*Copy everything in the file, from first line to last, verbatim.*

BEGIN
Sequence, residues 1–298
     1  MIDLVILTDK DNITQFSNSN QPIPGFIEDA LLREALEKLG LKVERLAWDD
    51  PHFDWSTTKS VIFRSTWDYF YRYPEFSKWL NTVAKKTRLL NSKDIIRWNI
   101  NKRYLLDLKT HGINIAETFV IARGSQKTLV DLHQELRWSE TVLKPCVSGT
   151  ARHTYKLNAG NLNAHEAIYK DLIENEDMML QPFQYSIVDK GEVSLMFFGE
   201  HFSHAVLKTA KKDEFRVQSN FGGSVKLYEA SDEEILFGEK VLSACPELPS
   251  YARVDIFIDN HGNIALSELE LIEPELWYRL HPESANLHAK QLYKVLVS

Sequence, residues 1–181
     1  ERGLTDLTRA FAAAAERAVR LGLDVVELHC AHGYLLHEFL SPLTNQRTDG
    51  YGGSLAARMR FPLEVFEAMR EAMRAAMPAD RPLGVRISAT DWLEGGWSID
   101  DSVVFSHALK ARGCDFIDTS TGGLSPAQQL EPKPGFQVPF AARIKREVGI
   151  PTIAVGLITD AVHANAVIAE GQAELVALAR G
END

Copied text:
Sequence, residues 1–298
     1  MIDLVILTDK DNITQFSNSN QPIPGFIEDA LLREALEKLG LKVERLAWDD
    51  PHFDWSTTKS VIFRSTWDYF YRYPEFSKWL NTVAKKTRLL NSKDIIRWNI
   101  NKRYLLDLKT HGINIAETFV IARGSQKTLV DLHQELRWSE TVLKPCVSGT
   151  ARHTYKLNAG NLNAHEAIYK DLIENEDMML QPFQYSIVDK GEVSLMFFGE
   201  HFSHAVLKTA KKDEFRVQSN FGGSVKLYEA SDEEILFGEK VLSACPELPS
   251  YARVDIFIDN HGNIALSELE LIEPELWYRL HPESANLHAK QLYKVLVS

Sequence, residues 1–181
     1  ERGLTDLTRA FAAAAERAVR LGLDVVELHC AHGYLLHEFL SPLTNQRTDG
    51  YGGSLAARMR FPLEVFEAMR EAMRAAMPAD RPLGVRISAT DWLEGGWSID
   101  DSVVFSHALK ARGCDFIDTS TGGLSPAQQL EPKPGFQVPF AARIKREVGI
   151  PTIAVGLITD AVHANAVIAE GQAELVALAR G